Wednesday, 1 April 2009

Here Comes The Bride

I was reading the latest issue of The List Magazine, which happens to be the Wedding Issue. All the wedding talk got me wondering, where do some of our wedding traditions come from? So this is what I found:

1- The Bouquet:
Most people got married in June because they took their yearly bath in May and still smelled pretty good by June. However, they were starting to smell, so brides carried a bouquet of flowers to hide the body odor.

2-Something Old, Something New, Something Borrowed, Something Blue:
Something old is to signify continuity, and could be a piece of lace, jewelry, or a handkerchief. Something new signifies optimism for the future, and is often an article of clothing, or the wedding rings. Something borrowed represents happiness, which is often a piece of jewelry or handkerchief from a happily married relative or friend. Something blue signifies fidelity, loyalty, and love. In biblical times blue, not white, symbolized purity. Both the bride and groom wore a band of blue material around the bottom of their wedding attire.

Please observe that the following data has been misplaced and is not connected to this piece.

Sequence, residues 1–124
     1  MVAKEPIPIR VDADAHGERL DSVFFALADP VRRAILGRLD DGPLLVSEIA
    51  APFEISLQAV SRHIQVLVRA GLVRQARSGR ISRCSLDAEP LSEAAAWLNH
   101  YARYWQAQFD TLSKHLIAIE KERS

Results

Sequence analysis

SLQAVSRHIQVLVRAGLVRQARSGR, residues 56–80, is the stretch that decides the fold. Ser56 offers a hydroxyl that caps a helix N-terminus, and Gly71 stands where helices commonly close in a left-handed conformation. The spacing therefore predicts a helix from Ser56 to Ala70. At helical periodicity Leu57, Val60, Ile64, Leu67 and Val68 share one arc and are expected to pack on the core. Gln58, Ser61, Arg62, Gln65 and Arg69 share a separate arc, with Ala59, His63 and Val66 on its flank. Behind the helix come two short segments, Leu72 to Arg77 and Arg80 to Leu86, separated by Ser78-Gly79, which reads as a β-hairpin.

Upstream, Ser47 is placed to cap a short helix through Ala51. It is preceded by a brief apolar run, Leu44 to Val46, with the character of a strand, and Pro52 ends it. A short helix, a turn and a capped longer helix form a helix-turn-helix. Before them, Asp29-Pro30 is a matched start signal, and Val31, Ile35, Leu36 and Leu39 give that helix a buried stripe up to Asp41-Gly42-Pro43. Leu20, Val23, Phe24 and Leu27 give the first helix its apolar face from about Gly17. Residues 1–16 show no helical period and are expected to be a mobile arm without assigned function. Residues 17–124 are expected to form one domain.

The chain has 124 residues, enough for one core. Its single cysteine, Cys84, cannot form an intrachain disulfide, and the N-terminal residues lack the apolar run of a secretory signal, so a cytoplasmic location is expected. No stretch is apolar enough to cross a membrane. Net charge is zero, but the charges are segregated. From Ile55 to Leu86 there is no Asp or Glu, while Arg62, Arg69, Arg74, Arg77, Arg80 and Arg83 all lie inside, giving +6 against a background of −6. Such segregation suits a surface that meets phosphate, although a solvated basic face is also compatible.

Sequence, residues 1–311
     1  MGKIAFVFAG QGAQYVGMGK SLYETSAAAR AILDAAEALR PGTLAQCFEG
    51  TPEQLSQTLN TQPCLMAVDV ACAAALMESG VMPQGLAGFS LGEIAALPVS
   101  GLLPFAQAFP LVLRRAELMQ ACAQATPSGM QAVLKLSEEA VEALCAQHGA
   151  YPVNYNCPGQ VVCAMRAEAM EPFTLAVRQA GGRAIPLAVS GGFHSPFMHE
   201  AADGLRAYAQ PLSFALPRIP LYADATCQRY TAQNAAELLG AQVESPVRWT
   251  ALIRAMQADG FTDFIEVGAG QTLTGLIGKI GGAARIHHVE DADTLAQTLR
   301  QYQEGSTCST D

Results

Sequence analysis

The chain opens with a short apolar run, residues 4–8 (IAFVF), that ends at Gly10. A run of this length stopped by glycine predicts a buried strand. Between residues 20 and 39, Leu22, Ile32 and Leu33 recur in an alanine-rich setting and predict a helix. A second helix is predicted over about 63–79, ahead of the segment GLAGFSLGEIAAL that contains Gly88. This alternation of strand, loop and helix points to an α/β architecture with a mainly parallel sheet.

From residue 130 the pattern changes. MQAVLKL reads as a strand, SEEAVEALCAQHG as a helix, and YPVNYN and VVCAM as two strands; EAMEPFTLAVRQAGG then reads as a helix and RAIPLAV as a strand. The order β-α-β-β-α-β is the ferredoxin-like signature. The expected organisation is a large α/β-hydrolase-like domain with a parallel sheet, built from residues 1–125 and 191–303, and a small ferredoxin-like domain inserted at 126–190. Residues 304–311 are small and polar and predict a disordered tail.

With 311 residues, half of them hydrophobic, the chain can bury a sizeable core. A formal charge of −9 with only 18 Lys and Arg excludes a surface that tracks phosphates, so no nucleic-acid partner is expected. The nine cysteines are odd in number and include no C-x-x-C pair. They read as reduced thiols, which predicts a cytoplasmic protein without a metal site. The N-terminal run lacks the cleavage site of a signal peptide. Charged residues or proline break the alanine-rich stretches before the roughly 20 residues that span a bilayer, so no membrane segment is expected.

In ancient times, the breaking of cake, like the breaking of bread, was seen as a fertility rite when performed during a joining ceremony. The practice of layering several cakes, one on top of the other, just to the tipping point, began much later. The bride and groom were expected to attempt a kiss above the precariously-perched cake. Their success in kissing without toppling the layers would result in a lifetime of good fortune.

4-The Rings:
The unending circle of a ring was thought to symbolize eternity; a wedding ring held the hope that love would last forever.

5-The Bridesmaids Dresses:
Believe it or not, bridesmaids were originally meant to distract evil spirits away from the bride, so they were all brightly dressed and kept close to the bride, dressed in spirit-repelling white, during her wedding day to prevent bad luck from befalling her.

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